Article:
WASHINGTON – Maryland is beating the bushes for young hunters as it’s seen a rise in sales of cheaper senior hunting licenses and fluctuations in permits sold to younger sportsmen and sportswomen.
Senior hunting licenses, which Maryland sells to those ages 65 and older for $5 per season, is the only licensing category that saw a consistent increase in annual sales since 2003, according to data reviewed by Capital News Service.
At the same time, disbursement of permits to younger hunters has waned — and those permits cost more. Regular resident hunting licenses, which are for hunters ages 16 through 64 and cost $24.50 per year, have declined 11.4 percent, and junior resident hunting licenses, which are for hunters under age 16 and cost $10.50 each, have seen an 8.8 percent drop.
So far this year, regular resident, junior and senior hunting licenses combined have raised $2,077,310 for the state. The junior category, however, has brought in only about 1.5 percent of that, $29,670.
While this pattern has yet to cost the state any revenue loss, it has become enough of a concern that Natural Resources is doing what it can to lure recruits to the sport.
“All the studies that have been done nationally show that the younger you can get a child involved in it, they’re more likely to stick with it, as opposed to someone in their later years,” said Bob Beyer, associate director of Natural Resource’s Wildlife and Heritage Service.
“I predict the state (will lose money) unless we do a good job of recruitment and retention of the younger generations.”
To that end, spring turkey-hunting season has opened since 2005 with a Junior Turkey Hunt Day for hunters age 16 and under holding valid junior hunting permits and accompanied by licensed adults. In November, the state increased the number of deer that junior hunters were allowed to bag annually by separating Junior Deer Hunt Day limits from general deer season limits.
Just this year, the state introduced a commemorative certificate, which hunters 16 and under can order online once they bag a deer or turkey and have the kill certified by an agent.
Maryland has no minimum hunting age, but to obtain a license all applicants must pass a written exam, a firearm competency test and a hunter education course.
Baby boomers, those born between approximately 1944 and 1964, compose the largest generation in history. According to the U.S. Census Bureau, by 2050 people age 65 and over will compose more than 20 percent of the U.S. population.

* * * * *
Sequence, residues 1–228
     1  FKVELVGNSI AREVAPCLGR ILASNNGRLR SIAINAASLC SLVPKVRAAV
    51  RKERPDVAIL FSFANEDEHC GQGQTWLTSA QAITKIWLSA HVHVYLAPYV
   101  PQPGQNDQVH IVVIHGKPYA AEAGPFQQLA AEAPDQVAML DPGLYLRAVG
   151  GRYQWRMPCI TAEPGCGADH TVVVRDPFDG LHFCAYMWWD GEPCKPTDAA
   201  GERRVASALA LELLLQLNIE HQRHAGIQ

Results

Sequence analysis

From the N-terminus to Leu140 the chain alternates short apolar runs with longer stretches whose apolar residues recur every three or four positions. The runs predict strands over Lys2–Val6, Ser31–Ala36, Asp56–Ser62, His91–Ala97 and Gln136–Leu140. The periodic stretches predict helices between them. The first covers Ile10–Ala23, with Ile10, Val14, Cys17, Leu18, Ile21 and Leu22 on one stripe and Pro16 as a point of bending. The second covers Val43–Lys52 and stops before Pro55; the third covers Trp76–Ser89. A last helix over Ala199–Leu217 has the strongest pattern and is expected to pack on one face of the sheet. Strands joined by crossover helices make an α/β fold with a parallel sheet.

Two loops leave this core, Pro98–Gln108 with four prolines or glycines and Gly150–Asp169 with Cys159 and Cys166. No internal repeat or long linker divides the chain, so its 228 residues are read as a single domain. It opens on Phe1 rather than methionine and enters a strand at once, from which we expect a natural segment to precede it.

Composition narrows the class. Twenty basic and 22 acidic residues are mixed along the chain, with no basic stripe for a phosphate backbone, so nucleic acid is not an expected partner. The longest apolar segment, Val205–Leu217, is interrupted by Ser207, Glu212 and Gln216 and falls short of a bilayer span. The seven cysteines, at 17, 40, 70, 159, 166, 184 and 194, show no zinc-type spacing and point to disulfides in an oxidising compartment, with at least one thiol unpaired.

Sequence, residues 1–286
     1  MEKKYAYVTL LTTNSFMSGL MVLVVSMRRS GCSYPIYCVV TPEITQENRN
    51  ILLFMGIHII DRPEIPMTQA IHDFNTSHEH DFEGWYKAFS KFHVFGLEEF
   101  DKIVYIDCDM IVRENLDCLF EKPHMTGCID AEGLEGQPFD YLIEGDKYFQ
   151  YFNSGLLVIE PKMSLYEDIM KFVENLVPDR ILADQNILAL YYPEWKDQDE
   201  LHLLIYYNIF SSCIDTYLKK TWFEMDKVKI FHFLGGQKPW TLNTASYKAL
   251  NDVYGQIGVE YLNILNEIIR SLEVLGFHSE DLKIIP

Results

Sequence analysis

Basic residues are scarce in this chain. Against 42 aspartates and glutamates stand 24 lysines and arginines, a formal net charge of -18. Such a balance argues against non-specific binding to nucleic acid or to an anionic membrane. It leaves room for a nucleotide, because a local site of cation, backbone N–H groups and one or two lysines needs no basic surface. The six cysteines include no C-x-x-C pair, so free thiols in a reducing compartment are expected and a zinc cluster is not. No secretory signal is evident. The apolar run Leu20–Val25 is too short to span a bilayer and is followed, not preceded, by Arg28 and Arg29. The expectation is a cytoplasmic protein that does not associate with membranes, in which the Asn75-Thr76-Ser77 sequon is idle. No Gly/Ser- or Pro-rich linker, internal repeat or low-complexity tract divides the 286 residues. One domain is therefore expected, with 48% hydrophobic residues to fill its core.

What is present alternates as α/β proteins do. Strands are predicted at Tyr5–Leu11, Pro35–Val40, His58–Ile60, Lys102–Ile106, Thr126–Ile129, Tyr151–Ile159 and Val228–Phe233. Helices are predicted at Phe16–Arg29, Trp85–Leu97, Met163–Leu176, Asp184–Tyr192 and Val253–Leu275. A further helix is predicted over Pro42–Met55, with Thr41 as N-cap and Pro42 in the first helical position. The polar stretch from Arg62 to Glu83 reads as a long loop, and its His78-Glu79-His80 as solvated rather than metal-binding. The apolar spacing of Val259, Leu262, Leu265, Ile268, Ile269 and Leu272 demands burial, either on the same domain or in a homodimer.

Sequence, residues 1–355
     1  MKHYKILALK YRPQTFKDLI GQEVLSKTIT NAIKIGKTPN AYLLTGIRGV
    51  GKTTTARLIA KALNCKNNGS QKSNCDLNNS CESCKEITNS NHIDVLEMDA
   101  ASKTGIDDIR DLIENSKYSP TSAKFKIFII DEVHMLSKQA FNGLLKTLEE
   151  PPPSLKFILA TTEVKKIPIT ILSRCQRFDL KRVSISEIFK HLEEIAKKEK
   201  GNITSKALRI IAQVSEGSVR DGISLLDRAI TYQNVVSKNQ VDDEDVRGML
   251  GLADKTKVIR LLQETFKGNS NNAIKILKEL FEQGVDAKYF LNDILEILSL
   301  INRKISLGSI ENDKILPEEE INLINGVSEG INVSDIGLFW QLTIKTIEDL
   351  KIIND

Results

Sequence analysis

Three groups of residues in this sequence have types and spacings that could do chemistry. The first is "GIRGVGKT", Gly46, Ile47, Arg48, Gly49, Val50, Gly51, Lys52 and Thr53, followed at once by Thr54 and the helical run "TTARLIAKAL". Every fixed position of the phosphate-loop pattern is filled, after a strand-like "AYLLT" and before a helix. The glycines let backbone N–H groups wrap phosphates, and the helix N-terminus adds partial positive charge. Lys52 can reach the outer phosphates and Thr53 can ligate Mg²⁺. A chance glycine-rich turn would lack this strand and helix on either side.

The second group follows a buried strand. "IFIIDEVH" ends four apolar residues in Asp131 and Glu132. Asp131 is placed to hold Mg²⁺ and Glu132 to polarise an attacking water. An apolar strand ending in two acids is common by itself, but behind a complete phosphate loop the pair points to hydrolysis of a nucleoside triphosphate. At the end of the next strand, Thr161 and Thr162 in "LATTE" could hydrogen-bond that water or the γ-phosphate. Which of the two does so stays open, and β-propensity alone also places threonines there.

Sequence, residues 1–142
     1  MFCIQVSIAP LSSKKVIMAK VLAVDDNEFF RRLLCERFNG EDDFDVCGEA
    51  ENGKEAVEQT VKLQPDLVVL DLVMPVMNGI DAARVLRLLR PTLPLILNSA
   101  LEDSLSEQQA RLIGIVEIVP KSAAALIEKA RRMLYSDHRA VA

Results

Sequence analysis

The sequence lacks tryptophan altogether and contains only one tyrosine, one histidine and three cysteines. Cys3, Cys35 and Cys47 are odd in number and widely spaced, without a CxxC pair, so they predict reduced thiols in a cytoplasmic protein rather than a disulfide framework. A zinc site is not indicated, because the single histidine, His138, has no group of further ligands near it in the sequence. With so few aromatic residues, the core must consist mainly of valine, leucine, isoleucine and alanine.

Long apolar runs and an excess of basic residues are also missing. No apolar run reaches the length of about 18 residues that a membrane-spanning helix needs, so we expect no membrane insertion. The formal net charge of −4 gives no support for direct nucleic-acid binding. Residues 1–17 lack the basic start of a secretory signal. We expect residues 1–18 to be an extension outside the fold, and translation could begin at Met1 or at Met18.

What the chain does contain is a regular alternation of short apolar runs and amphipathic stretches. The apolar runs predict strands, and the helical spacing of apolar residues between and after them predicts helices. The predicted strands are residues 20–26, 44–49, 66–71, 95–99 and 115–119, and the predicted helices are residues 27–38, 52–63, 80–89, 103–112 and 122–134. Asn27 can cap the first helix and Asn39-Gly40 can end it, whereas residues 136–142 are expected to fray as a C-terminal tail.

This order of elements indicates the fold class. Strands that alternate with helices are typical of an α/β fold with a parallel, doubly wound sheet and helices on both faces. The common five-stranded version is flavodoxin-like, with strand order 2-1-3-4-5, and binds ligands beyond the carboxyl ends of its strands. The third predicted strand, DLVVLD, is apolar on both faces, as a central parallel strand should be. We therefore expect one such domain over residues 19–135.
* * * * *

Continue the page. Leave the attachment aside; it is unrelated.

But Upper Marlboro resident Glenna Moyers said she doesn’t think the state needs to give young hunters much additional incentive besides the sport itself. Her grandson, Bradley Moyers Jr., 16, has been interested in hunting “since he’s been old enough to walk.”
“He gets buck fever about a month ahead of (deer) season,” Moyers said of her grandson, who hunts regularly after school during the seasons. “I think he’s killed three bucks already this year. His father and his grandfather all hunted; they’ve all been raised up to do it. They just love the sport and the deer meat. I don’t think the sport is in danger of going away for young people anytime soon.”
Her grandson concurred. “It’s just a thrill,” Bradley Moyers Jr. said. “The going out and shooting and seeing animals is an adrenaline rush.”
Wendy Donahoo, president of the Maryland Sportsmen’s Association, said the increasing number of seniors involved in hunting may actually help the state bring in more young hunters.
“I’m seeing more kids coming with their parents or grandparents for the safety education class we offer,” Donahoo said. “It’s the grandparents taking on the role where the parents are too busy. The seniors I talk to get a lot of joy out of taking their grandchildren out to shoot, teaching them safety, teaching them the right way to do things.”
Terry Barth, who teaches hunter safety courses in Howard County, said he sees increasing numbers of young people at each of the seasonal classes he teaches. He said he has had to turn away more teens over the years because the courses fill to their 60-person capacity more quickly each time.
“Our class used to be older people, but the past couple years it’s been more and more young kids,” said Barth, who has been a certified hunter safety instructor since the mid-1990s. “With the number of people we have coming in, in my opinion it doesn’t look like the sport among young people is dwindling any. There’s still a lot of kids out there interested in hunting.”